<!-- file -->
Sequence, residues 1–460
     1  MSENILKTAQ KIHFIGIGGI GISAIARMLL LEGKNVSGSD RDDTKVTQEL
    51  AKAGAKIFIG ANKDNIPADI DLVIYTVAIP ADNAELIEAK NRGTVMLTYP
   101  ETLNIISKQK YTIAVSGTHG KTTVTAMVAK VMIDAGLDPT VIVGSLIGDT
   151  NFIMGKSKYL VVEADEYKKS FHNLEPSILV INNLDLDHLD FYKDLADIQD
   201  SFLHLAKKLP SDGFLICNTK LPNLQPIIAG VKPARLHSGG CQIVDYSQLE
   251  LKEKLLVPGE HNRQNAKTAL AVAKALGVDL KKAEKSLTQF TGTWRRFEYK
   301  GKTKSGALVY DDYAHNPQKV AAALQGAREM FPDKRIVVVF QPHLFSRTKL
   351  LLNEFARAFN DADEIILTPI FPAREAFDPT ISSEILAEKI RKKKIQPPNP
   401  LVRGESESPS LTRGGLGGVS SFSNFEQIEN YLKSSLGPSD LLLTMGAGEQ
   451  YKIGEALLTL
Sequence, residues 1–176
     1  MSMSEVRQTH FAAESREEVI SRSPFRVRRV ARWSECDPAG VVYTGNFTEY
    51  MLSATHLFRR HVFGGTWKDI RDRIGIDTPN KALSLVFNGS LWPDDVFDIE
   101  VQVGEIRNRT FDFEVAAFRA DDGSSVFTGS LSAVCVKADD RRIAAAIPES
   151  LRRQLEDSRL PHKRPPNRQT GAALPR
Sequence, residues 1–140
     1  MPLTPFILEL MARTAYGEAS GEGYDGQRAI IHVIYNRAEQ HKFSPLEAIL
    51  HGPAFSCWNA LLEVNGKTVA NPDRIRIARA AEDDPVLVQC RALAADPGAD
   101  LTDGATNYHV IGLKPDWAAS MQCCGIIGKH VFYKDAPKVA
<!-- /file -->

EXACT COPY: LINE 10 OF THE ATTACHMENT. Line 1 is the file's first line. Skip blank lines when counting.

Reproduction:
   401  LVRGESESPS LTRGGLGGVS SFSNFEQIEN YLKSSLGPSD LLLTMGAGEQ